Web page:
Sometimes the fistula is not the type that can be simply laid open as too much anal sphincter muscle is involved.In this case a string may be passed through the track (“seton”) and the surgeon will bring you back and discuss further options for your treatment.

    What if the problem comes back?
    Fistulae can be particularly awkward conditions to treat and can come back. In this case – and for the more complicated fistulae, it may be necessary to do a MRI (magnetic resonance scan) scan of the back passage to check that no other fistulae or “tracks” have been overlooked.

    How long does it take to recover from this type of surgery?
    Discomfort after fistula surgery is moderate for the first week and can be controlled with simple pain killers. The amount of time off work is usually minimal but will depend on the type of job you do.Bathing or showering two to three times a day helps keep the area clean and comfortable. Laxatives are recommended to minimise the discomfort associated with passing a motion.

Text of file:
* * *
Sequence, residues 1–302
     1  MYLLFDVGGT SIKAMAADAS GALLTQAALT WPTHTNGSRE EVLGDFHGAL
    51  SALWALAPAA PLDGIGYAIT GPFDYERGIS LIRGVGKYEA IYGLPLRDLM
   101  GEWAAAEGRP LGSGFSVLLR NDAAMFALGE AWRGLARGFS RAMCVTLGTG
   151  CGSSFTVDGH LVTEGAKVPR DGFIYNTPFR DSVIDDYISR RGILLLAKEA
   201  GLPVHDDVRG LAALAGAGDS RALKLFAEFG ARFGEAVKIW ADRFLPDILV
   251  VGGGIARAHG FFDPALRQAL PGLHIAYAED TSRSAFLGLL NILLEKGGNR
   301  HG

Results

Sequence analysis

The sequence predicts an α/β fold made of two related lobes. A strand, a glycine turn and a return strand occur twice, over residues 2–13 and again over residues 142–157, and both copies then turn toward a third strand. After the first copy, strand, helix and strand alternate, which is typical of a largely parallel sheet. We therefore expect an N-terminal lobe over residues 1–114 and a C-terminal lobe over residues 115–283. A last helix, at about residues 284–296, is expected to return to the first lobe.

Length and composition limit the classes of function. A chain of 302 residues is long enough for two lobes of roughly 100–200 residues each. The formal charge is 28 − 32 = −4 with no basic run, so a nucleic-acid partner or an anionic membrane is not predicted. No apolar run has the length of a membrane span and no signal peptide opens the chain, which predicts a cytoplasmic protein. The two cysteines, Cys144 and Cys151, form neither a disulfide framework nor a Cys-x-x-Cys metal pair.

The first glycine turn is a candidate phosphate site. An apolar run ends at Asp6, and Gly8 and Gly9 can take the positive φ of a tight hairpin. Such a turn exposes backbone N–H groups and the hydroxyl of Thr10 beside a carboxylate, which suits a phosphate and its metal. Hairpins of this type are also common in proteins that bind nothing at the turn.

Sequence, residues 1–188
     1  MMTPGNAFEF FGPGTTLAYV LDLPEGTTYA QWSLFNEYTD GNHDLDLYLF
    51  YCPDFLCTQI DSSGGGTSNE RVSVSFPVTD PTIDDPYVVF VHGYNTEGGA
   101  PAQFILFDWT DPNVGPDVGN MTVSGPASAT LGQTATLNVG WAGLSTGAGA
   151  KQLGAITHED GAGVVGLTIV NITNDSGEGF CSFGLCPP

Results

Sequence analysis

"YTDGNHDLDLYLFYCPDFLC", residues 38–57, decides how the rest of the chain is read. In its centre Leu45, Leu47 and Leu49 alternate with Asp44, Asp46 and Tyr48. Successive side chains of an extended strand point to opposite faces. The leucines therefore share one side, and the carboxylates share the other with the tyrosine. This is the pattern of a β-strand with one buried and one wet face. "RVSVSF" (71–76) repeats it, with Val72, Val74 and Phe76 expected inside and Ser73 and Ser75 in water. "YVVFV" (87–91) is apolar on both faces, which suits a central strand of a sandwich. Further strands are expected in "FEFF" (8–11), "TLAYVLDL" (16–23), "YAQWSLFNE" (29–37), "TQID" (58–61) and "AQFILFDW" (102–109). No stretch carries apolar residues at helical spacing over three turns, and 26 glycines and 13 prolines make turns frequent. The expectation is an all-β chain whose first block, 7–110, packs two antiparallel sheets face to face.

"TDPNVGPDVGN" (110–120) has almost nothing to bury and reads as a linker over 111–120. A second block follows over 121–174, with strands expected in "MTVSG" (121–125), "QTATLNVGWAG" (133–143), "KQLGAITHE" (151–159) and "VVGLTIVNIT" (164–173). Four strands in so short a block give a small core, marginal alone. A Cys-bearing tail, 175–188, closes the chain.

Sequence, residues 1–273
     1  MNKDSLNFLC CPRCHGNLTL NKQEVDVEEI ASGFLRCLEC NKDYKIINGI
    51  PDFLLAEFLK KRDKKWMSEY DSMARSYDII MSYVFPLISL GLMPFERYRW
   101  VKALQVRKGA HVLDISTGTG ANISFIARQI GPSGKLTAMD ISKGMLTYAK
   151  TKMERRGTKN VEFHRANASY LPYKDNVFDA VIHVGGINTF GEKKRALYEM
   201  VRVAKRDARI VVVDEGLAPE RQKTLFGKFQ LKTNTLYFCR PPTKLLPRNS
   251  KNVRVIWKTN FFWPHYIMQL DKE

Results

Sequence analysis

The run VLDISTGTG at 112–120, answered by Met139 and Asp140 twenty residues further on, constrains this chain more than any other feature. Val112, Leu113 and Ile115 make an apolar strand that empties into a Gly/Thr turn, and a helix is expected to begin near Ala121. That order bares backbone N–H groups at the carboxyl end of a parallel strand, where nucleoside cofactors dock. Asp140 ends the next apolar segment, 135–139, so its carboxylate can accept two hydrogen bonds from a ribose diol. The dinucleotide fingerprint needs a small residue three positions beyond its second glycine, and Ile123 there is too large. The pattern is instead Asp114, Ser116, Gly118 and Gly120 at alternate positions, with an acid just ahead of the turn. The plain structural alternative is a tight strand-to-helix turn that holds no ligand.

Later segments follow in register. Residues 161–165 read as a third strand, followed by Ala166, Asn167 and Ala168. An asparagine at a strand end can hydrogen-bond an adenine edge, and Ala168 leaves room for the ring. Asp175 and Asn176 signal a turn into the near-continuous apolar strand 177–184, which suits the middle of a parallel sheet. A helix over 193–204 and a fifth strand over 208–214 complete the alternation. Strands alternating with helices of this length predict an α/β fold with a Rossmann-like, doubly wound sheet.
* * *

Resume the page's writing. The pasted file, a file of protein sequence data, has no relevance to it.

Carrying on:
• Pruritis Ani / Itchy bottom

    Pruritis ani is a common condition which causes itching or irritation around the anus (back passage).

    What are the causes?
    Pruritus ani has many possible causes, including haemorrhoids (piles) and certain skin conditions. The most common cause is a minor discharge from the anus. If small amounts of faeces or liquid mucus leaks from the anus, this can irritate the sensitive skin around the anus.

    What measures can I take to help myself?